27 August 2015

What I learned at school - Part Three

In 1951 I managed to win a Scholarship to attend Xavier College. How I won it I don't know but I remember being quite proud of an essay I wrote for the examination - about personifying a tree who witnessed an engagement between von Tempsky and Maori in south Taranaki. Anyway the winning of the Scholarship had the effect that, as an 'scholarship boy', I was expected to do well and this expectation served me well throughout my secondary school days. In the first year there were some basic subjects - Latin, I always found useful later in life even though I only did it for two years.

Bullying was rife in the school and several times the whole school would form a barrier to exclude teachers trying to separate two brawling pupils. Caning was the method of disciplining pupils. The caning was on the hand and the maximum was six - three on each hand. The canes were supplejack cut from the NZ bush. Every teacher was known for the subtlety of his caning technique. Sometimes after a heavy caning it would be days before our hands would be capable of writing with a pen.

Lots of Supplejack in the New Zealand bush

In fourth form all the hormones were out of control and the class was chaotic. Brother Raymond was our form teacher (and maths teacher) and was free and easy with the cane. It made no difference; some of the form even had a competition to see who could get the most canings. But I think I might have given Br. Raymond  a glimmer of hope. In trying to understand a problem my father had given me involving algebra I went from the bottom to the top of the class on maths. It was also about realising that the letters were just representations of numbers!

Towards the end of my time at Xavier, Professor Vernon Griffiths arranged Handels "Messiah" in numerous parts for the combined Secondary Schools of Christchurch. We spent months preparing for the event. Unfortunately I'd become obsessed with mountain climbing and I missed the final weekend mass rehearsal and was removed from the choir as punishment. My mother insisted on taking me to the concert - an even greater punishment because it showed me what I'd missed being part of. The Messiah was magnificent and I deeply regretted my lack of participation.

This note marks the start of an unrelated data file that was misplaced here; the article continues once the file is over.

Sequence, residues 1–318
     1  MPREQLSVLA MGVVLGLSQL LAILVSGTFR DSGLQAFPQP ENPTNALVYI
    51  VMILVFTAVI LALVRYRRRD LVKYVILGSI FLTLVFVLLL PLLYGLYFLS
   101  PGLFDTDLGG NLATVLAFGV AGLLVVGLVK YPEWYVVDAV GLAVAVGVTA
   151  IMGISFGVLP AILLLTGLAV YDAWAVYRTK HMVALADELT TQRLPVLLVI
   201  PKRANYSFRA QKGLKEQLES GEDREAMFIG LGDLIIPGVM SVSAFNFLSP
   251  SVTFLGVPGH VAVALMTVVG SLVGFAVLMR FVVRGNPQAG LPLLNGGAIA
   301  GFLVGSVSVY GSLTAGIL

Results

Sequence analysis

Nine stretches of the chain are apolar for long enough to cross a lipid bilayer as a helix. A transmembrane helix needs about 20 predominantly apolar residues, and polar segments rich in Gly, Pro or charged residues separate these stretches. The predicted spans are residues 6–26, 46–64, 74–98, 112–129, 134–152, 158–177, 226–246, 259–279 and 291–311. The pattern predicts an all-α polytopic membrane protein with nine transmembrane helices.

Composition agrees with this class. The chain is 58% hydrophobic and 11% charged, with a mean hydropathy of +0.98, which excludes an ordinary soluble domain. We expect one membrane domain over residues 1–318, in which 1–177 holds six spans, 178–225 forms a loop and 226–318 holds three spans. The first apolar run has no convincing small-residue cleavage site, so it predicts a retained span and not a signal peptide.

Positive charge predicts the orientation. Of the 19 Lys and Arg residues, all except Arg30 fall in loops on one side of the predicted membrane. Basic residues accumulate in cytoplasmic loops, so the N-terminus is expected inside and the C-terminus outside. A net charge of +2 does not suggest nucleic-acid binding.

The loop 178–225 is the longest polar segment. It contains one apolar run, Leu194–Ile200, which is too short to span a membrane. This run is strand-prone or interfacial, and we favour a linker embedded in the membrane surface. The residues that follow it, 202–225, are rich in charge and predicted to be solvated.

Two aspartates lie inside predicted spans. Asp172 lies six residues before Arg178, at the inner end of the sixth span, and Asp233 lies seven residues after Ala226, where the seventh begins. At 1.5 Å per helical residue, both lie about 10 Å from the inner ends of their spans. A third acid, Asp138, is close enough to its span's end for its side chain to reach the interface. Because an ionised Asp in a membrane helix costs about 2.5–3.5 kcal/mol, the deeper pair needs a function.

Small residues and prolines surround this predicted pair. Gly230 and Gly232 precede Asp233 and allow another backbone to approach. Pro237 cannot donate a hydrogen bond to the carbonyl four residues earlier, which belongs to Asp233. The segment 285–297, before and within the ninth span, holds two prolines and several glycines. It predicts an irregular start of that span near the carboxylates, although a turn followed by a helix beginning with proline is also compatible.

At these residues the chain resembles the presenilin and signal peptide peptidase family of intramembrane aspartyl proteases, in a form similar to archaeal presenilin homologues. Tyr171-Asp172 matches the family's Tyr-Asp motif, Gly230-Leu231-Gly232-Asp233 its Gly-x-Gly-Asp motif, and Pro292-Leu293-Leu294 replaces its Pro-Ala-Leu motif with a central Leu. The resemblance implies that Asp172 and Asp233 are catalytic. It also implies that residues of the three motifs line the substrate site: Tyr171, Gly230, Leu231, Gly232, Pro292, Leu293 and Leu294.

In sport I managed reasonably well. Because of all my climbing and tramping (as well as biking 11 km to and from school each day) I became very fit. I broke the school cross-country record and made it into the first fifteen, even getting into the Canterbury rugby rep side. We had school boxing (everyone had to enter) and I never made it past the first fight - and in cricket all I once managed to get was a prize for the best fielder. In other words I couldn't bat or bowl!

Towards the end of school I was RSM in cadets and had to march in front of the school during parades. I heard later that the assembled teachers would laugh after I'd gone past. They couldn't help themselves at the sight of this kid trying to march with an invisible 80lb pack on his back and leaving the regiment behind.

One day on the last week of school it became obvious that it was time to move on. Two of us had been allowed to go to the Christchurch Public Library in town to learn to use it and do some research. We'd become so engrossed in our project we'd lost sight of the time and returned to school late. We were both lined up to be caned because they obviously thought we'd spent our time chasing girls! The cane was produced but the teacher was pushed back and the cane wrestled from him and broken over a knee. We marched out of his office and the matter was never mentioned again. Time to leave.